They girt with towers and sheltering houses raised,That Aenesidêmus held this view is stated as a fact by Sextus, whose testimony is here corroborated by Tertullian, or rather by Tertullian’s informant, Soranus. We find, however, that Zeller, who formerly accepted the statement in question as true, has latterly seen reason to reject it.188 Aenesidêmus cannot, he thinks, have been guilty of so great an inconsistency as to base his Scepticism on the dogmatic physics of Heracleitus. And he explains the agreement of the ancient authorities by supposing that the original work of Aenesidêmus contained a critical account of the Heracleitean theory, that this was misinterpreted into an expression of his adhesion to it by Soranus, and that the blunder was adopted at second-hand by both Sextus and Tertullian.299

We may, perhaps, find some suggestion of this combined distinctness and comprehensiveness in the aspect and configuration of Greece itself; in its manifold varieties of soil, and climate, and scenery, and productions; in the exquisite clearness with which the features of its landscape are defined; and the admirable development of coast-line by which all parts of its territory, while preserving their political independence, were brought into safe and speedy communication with one another. The industrial and commercial habits of the people, necessitating a well-marked division of labour and a regulated distribution of commodities, gave a further impulse in the same direction.

The next and perhaps the most important point in favour of Epicureanism is its theory of pleasure as the end of action. Plato had left his idea of the good undefined; Aristotle had defined his in such a manner as to shut out the vast majority of mankind from its pursuit; the Stoics had revolted every instinct by altogether discarding pleasure as an end, and putting a purely formal and hollow perfection in its place. It must further be admitted that Epicurus, in tracing back justice to the two ideas of interest and contract, had hold of a true and fertile principle. Nevertheless, although ethics is his strongest ground, his usual ill-luck pursues him even here. It is where he is most original that he goes most astray. By reducing pleasure, as an end of action, to the mere removal of pain, he alters earlier systems of hedonism for the worse; and plays the game of pessimism by making it appear that, on the whole, death must be preferable to life, since it is what life can never be—a state of absolute repose. And by making self-interest, in the sense of seeking nothing but one’s own pleasure or the means to it, the only rule of action, he endangers the very foundations of society. At best, the selfish system, as Coleridge has beautifully observed, ‘stands in a similar relation to the law of conscience or universal selfless reason, as the dial to the sun which indicates its path by intercepting its radiance.’210 Nor is the indication so certain as Coleridge admitted. A time may come when116 self-sacrifice shall be unnecessary for the public welfare, but we are not within a measurable distance of it as yet.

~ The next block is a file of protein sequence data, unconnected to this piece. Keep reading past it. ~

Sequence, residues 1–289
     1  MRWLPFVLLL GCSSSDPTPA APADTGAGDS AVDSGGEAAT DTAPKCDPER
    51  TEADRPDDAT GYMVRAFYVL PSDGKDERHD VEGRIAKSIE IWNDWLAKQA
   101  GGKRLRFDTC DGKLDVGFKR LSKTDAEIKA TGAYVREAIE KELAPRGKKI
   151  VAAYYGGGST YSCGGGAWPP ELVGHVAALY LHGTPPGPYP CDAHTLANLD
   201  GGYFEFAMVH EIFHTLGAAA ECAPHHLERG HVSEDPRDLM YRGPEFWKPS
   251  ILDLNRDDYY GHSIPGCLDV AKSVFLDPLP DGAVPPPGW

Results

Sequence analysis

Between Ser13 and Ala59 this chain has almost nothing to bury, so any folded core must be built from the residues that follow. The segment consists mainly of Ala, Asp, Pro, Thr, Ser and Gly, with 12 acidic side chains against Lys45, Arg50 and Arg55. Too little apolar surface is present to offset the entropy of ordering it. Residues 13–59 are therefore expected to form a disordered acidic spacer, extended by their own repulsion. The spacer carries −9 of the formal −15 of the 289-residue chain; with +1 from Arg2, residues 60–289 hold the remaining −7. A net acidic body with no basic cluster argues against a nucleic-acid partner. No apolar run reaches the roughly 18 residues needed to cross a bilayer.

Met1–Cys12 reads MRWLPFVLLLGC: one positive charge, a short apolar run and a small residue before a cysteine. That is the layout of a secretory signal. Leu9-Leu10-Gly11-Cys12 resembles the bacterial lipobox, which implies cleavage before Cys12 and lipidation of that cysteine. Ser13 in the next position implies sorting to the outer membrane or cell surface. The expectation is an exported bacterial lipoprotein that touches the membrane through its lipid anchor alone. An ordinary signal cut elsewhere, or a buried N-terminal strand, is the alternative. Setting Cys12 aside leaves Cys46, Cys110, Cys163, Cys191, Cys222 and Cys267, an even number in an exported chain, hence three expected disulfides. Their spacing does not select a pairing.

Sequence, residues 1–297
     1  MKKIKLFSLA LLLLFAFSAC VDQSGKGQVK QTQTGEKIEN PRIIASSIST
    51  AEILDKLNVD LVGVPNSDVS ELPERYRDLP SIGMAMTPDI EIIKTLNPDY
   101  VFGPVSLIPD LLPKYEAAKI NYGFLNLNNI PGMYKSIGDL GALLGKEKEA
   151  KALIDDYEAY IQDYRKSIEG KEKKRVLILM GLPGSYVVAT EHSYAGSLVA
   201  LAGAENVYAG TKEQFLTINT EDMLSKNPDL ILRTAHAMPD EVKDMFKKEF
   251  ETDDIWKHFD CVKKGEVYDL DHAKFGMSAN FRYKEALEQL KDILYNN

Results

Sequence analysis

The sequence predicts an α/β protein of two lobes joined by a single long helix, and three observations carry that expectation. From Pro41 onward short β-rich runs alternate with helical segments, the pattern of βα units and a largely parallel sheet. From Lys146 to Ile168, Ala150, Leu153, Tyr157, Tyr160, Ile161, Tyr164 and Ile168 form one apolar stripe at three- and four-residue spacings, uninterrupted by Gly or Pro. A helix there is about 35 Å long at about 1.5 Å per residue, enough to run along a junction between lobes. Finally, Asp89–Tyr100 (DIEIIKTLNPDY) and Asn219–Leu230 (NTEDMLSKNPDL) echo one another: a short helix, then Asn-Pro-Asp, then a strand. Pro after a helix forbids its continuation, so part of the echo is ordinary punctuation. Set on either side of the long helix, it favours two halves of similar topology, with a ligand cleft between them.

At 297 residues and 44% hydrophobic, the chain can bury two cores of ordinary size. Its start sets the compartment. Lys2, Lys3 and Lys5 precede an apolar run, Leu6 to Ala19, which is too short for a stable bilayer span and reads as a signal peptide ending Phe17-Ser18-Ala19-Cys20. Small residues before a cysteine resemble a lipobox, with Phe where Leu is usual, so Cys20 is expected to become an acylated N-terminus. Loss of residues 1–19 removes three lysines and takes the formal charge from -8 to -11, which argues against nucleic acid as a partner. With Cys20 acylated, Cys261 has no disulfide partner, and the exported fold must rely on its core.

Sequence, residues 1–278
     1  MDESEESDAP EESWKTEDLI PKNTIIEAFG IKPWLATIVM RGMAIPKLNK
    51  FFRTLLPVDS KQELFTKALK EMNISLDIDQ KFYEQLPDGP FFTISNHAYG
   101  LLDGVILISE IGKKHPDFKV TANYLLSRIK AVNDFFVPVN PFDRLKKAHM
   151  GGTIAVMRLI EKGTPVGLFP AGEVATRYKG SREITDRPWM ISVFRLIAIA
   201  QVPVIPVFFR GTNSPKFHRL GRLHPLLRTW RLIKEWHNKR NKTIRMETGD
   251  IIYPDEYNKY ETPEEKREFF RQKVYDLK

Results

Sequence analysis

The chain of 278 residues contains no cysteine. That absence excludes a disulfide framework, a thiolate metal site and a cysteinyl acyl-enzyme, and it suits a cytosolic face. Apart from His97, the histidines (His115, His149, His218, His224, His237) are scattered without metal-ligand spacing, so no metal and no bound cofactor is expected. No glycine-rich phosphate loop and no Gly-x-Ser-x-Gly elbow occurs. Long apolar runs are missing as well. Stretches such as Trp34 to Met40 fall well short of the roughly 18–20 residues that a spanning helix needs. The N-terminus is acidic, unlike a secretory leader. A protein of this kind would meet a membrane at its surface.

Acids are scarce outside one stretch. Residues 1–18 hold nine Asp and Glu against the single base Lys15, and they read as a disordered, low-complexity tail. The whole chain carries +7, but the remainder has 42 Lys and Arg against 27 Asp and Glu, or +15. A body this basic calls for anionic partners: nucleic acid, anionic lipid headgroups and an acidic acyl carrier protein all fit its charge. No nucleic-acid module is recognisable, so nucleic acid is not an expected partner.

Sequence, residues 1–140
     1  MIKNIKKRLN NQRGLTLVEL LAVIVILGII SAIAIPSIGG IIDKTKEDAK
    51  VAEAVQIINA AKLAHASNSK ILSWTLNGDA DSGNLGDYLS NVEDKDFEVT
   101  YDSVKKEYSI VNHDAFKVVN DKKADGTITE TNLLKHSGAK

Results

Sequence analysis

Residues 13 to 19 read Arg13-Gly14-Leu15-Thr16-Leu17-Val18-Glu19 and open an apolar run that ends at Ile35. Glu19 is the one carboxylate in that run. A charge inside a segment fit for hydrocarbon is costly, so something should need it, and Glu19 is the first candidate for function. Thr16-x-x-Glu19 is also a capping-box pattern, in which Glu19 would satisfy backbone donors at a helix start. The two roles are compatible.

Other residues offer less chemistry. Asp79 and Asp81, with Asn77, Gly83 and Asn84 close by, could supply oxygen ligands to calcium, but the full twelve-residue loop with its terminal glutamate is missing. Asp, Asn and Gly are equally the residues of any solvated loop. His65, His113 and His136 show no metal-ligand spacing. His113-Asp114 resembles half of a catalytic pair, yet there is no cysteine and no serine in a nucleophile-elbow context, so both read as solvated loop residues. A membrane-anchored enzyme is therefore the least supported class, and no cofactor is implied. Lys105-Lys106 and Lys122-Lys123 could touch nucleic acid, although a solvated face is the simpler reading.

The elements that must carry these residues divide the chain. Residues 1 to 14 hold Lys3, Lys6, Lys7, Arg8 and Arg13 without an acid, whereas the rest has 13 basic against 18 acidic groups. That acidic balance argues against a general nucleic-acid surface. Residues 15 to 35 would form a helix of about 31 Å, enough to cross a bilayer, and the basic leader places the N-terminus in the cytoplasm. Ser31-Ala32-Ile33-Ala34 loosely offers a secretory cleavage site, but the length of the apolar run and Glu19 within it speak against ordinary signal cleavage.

Institute of Plasma Physics, Hefei Institutes of Physical Science (ASIPP, HFIPS) undertakes the procurement package of superconducting conductors, correction coil, superconducting feeder, power supply and diagnosis, accounting for nearly 80% of China's ITER procurement package.

"I am so proud of our team and it’s a great pleasure for me working here," said BAO Liman, an engineer from ASIPP, HFIPS, who was invited to sit near Chinese National flay on the podium at the kick-off ceremony to represent Chinese team. BAO, with some 30 ASIPP engineers, has been working in ITER Tokamak department for more than ten years. Due to the suspended international traveling by COVID-19, most of the Chinese people who are engaged in ITER construction celebrated this important moment at home through live broadcasting.

One of ASIPP’s undertakes, the number 6 poloidal field superconducting coil (or PF6 coil) , the heaviest superconducting coil in the world, was completed last year, and arrived at ITER site this June. PF6 timely manufacturing and delivery made a solid foundation for ITER sub-assembly, it will be installed at the bottom of the ITER cryostat.

Last year, a China-France Consortium in which ASIPP takes a part has won the bid of the first ITER Tokamak Assembly task, TAC-1, a core and important part of the ITER Tokamak assembly.

Exactly as Bernard BIGOT, Director-General of ITER Organization, commented at a press conference after the ceremony, Chinese team was highly regarded for what they have done to ITER project with excellent completion of procurement package.


The kick-off ceremony for ITER assembly (Image by Pierre Genevier-Tarel-ITER Organization) 


the number 6 poloidal field superconducting coil (Image by ASIPP, HFIPS) 


ITER-TAC1 Contract Signing Ceremony (Image by ASIPP, HFIPS)

World dignitaries celebrate a collaborative achievement